Arnicae Flores, I.C.A., Arnica Flowers.

Botanical name: 

Related entry: Arnica Rhizome

Arnica flowers (Arnica, U.S.P.) are the dried flower-heads of Arnica montana, Linn. (N.O. Compositae), a small plant indigenous to Central Europe. The flower-heads are collected entire and dried, but the receptacles are sometimes removed as they are liable to be attacked by insects. The involucre of arnica flowers consists of two rows of dark green, linear-lanceolate pubescent bracts. The ray florets number about sixteen and possess when fresh, conspicuous, orange-yellow, ligulate corollas traversed by seven to nine veins, and terminating in three teeth; during the drying these corollas shrivel very much. The disc florets are numerous and remarkable for the single row of long white barbed bristles, which crowns the fruit. The latter is five-ribbed and covered with appressed hairs. The odour is aromatic and the taste bitter and acrid. The drug should yield about 6 per cent. of ash. The flower-heads of Inula britannica, Linn., are occasionally offered as arnica flowers, but are easily distinguished from the latter.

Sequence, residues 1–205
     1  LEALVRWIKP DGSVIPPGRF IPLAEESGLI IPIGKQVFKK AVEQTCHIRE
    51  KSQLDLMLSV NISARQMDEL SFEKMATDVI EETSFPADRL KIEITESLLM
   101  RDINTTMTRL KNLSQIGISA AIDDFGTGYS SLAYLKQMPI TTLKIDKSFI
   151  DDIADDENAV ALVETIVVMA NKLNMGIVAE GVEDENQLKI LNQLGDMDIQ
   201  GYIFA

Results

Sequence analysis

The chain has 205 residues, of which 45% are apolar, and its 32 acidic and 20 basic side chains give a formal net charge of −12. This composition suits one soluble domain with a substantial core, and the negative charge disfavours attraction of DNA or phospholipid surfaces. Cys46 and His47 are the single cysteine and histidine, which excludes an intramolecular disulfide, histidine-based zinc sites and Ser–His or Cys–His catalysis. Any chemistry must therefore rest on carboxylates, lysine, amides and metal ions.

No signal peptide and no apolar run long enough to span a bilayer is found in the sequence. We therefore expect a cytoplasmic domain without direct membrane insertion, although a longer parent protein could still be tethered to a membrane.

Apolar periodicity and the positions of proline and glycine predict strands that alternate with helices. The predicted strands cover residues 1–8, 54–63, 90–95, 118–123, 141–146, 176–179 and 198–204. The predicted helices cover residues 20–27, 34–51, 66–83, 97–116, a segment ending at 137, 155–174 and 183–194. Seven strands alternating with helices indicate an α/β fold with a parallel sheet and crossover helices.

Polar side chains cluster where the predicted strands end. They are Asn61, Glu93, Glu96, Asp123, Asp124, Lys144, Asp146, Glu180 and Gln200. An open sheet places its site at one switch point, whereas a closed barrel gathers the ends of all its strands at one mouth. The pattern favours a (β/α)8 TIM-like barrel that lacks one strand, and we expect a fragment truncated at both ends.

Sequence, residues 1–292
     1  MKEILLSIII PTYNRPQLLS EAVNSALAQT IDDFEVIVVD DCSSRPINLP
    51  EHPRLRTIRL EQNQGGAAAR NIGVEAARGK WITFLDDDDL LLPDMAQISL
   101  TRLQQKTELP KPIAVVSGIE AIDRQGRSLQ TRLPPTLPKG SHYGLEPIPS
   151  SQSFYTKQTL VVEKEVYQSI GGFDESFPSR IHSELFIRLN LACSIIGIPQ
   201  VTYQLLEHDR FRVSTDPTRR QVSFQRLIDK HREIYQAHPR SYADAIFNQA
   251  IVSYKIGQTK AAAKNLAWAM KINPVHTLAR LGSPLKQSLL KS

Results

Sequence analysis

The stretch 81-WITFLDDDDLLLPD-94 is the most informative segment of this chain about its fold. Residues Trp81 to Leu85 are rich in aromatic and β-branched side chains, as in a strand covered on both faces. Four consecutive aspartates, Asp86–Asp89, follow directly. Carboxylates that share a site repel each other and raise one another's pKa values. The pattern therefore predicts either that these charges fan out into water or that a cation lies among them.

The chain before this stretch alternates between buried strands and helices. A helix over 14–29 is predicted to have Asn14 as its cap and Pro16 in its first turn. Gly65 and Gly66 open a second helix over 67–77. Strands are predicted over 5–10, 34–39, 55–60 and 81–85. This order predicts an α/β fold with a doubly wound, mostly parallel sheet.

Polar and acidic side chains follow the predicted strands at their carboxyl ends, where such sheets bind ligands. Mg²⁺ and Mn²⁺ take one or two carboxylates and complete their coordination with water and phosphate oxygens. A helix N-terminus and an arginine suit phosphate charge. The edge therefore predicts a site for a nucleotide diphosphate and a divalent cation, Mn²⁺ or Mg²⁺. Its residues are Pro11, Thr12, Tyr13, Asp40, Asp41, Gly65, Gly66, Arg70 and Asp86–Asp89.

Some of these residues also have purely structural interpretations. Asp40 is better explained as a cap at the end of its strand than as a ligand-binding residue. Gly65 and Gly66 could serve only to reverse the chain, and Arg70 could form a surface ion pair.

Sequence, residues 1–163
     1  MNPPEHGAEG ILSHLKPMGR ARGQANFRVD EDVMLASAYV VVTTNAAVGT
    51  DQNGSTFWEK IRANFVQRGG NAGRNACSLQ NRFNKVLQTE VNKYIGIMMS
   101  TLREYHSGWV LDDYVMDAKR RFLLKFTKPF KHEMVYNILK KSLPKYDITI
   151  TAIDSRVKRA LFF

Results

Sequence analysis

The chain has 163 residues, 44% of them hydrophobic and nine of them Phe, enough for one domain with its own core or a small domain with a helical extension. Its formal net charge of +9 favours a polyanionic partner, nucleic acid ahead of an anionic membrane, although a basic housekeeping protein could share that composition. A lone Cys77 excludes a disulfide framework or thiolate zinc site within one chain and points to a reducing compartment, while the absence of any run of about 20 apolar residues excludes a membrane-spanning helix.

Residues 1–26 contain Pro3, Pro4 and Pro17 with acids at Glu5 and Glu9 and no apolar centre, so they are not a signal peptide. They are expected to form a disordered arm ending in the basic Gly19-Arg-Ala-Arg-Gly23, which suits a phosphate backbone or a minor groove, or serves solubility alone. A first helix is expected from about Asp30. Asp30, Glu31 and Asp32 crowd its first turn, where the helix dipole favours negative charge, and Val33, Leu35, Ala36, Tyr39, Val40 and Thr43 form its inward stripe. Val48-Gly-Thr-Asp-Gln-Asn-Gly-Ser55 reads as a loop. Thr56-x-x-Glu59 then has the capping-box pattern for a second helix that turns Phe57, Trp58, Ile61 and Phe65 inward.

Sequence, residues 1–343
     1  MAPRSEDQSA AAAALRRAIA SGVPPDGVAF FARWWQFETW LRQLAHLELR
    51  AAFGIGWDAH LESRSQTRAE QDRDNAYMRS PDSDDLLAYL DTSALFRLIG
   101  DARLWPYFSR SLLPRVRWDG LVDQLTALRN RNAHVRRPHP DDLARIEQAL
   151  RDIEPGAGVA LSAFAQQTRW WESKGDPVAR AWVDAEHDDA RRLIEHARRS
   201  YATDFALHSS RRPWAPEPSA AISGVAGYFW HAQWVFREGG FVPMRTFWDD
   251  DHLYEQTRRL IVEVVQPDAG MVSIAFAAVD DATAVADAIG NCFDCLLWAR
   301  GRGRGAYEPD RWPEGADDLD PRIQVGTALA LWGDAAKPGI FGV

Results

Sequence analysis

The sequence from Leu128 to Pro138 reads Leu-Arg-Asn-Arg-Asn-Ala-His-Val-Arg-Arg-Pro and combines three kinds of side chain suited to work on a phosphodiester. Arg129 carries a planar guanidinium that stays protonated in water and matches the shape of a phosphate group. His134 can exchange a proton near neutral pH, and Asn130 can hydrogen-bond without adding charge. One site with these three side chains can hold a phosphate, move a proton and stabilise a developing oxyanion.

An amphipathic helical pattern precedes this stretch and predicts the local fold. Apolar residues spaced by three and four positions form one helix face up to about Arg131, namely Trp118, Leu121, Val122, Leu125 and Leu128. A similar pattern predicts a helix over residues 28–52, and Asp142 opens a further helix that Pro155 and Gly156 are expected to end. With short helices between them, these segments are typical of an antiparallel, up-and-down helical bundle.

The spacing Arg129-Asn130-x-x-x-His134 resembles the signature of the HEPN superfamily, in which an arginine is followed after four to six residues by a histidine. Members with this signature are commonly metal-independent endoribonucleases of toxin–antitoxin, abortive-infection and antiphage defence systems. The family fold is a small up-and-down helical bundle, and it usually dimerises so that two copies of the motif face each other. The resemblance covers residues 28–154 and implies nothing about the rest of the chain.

Constituents.—The chief constituents of arnica flowers are the bitter, yellow, crystalline body arnicin; a volatile oil (0.5 to 1.0 per cent.); and the colourless, crystalline phytosterol, arnisterol.

Action and Uses.—Arnica has an irritant effect upon the stomach and intestines, and may induce paralysis of the nerve centres. It is rarely given internally, but a tincture is used, diluted with water (1 in 40), as a local application to sprains and bruises. When the skin is delicate arnica may cause extensive dermatitis, and it should not be employed if the skin is broken. Arnica flowers are used in preference to arnica rhizome in the North American Colonies.


Tinctura Arnicae, U.S.P.—TINCTURE OF ARNICA, U.S.P.
Arnica flowers, in No. 20 powder, 20; alcohol (49 per cent.), sufficient to produce 100. Average dose.—1 mil (15 minims).
Tinctura Arnicae Florum, I.C.A.—TINCTURE OF ARNICA FLOWERS.
Arnica flowers, in No. 20 powder, 10; alcohol (45 per cent.), sufficient to produce 100. Tincture of arnica flowers is official for use in the North American Colonies. Dose.—2 to 4 mils (½ to 1 fluid drachm).

The British Pharmaceutical Codex, 1911, was published by direction of the Council of the Pharmaceutical Society of Great Britain.